The advice in this section works on the assumption that personal data is being transferred off-site for authorised purposes only, or where a formal data sharing agreement exists to do so. Please refer to the other sections of these guidance pages for information about data sharing, or contact the Data Protection Officer for more advice.

By post

In most instances, personal data will be sent in electronic format. In situations where it is necessary for information to be sent as a hard copy, e.g. records that only exist in paper-based format or clinical letters, appropriate care should be taken to ensure the information is sent securely.

  • Consider using registered delivery or courier, especially when sending sensitive personal data such as medical information.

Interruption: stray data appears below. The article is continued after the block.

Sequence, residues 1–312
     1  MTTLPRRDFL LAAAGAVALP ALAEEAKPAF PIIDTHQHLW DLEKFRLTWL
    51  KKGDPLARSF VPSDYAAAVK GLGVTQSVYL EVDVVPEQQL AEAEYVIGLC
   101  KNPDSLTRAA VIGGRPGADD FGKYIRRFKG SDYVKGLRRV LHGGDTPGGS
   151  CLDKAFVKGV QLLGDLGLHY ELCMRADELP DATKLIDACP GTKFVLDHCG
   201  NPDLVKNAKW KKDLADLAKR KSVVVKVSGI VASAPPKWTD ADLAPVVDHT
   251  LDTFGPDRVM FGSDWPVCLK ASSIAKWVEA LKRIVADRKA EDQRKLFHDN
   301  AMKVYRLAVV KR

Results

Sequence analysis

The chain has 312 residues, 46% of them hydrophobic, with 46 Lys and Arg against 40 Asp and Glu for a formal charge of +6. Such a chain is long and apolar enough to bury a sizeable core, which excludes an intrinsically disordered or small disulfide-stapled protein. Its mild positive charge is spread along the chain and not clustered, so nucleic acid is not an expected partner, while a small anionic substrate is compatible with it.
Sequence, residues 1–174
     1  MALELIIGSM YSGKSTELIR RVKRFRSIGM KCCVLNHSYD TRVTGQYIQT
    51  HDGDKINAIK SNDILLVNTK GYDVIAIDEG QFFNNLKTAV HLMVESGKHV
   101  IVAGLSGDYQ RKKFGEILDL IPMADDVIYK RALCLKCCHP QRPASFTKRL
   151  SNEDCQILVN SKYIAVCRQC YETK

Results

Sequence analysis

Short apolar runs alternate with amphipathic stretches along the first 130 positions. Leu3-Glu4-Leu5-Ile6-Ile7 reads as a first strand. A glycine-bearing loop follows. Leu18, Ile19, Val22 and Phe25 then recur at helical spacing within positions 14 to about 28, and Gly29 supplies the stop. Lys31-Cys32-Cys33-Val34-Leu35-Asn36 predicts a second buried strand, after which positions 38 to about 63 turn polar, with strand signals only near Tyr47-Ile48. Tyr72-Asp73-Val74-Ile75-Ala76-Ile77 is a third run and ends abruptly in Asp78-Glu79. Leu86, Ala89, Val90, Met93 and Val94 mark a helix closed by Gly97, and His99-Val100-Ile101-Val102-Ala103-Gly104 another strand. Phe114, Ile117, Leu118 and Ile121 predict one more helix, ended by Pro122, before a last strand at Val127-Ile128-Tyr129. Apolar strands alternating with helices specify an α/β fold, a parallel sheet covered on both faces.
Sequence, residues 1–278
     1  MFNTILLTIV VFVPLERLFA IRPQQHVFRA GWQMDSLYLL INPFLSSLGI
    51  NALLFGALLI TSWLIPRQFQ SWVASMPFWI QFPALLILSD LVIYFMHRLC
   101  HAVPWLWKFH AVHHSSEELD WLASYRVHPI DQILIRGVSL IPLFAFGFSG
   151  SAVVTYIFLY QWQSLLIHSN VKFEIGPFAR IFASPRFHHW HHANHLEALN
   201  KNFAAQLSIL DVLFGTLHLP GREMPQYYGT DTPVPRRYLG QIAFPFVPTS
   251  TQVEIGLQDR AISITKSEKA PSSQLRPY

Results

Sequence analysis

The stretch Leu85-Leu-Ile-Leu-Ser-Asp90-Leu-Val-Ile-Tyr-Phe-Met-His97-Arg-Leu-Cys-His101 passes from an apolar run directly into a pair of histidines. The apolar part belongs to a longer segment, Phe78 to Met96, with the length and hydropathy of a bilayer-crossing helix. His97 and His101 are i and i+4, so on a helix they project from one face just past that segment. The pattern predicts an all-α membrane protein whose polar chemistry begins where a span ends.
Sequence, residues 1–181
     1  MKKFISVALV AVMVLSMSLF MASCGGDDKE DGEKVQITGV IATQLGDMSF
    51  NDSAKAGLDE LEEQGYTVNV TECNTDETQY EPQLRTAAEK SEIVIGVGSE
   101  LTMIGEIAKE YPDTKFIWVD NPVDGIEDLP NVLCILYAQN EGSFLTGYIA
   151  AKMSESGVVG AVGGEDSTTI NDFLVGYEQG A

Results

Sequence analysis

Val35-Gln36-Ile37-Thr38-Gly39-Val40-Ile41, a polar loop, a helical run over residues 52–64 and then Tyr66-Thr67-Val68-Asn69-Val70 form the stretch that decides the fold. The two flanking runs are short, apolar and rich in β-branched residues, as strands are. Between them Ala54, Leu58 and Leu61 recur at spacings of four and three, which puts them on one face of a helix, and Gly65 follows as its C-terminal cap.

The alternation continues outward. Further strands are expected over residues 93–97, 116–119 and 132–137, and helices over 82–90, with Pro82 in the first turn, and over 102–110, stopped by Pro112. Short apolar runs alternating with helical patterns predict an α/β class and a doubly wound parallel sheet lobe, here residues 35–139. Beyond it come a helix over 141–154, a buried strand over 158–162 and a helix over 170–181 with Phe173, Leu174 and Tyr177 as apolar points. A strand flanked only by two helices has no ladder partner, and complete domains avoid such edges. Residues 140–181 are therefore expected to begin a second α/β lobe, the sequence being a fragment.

• Always direct information to a named individual rather than to generic addresses such as ‘Head of HR’ or ‘The Finance Department’.

  • Make sure envelopes are marked ‘Private and Confidential’ or ‘For Addressee Only’.

  • If necessary, ask the recipient to confirm with you that the information has arrived safely.


Personal data, and especially ‘sensitive’ personal data, should always be encrypted (and password-protected, where relevant) when being transmitted electronically. The same applies if you are downloading personal data to removable media or portable devices for transfer off-site.

Where personal data is being conveyed by email you should use Office Message Encryption, which offers protection for the contents of the email and any Office-based attachments that you are sending. Emails should be marked ‘confidential’ in the subject line and at the top of the message itself.

Alternatively, and especially where large files are involved, you can use SGUL's secure file transfer service, iDrop External parties can also use this service to send files securely to SGUL recipients.

Staff and students should contact ITAV for help with using Office Message Encryption or the iDrop service, and for further guidance on password-protecting and encrypting files.